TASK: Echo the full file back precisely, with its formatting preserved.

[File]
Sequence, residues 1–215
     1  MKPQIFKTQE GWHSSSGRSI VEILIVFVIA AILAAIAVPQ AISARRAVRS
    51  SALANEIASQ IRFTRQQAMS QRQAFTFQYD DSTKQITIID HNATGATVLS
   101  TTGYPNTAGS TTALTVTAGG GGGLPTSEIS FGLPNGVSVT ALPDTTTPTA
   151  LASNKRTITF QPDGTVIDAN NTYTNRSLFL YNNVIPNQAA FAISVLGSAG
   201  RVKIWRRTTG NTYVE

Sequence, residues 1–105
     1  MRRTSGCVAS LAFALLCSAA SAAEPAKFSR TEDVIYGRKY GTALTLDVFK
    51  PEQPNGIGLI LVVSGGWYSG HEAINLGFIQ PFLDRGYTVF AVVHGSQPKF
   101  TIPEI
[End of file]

Sequence, residues 1–215
     1  MKPQIFKTQE GWHSSSGRSI VEILIVFVIA AILAAIAVPQ AISARRAVRS
    51  SALANEIASQ IRFTRQQAMS QRQAFTFQYD DSTKQITIID HNATGATVLS
   101  TTGYPNTAGS TTALTVTAGG GGGLPTSEIS FGLPNGVSVT ALPDTTTPTA
   151  LASNKRTITF QPDGTVIDAN NTYTNRSLFL YNNVIPNQAA FAISVLGSAG
   201  RVKIWRRTTG NTYVE

Sequence, residues 1–105
     1  MRRTSGCVAS LAFALLCSAA SAAEPAKFSR TEDVIYGRKY GTALTLDVFK
    51  PEQPNGIGLI LVVSGGWYSG HEAINLGFIQ PFLDRGYTVF AVVHGSQPKF
   101  TIPEI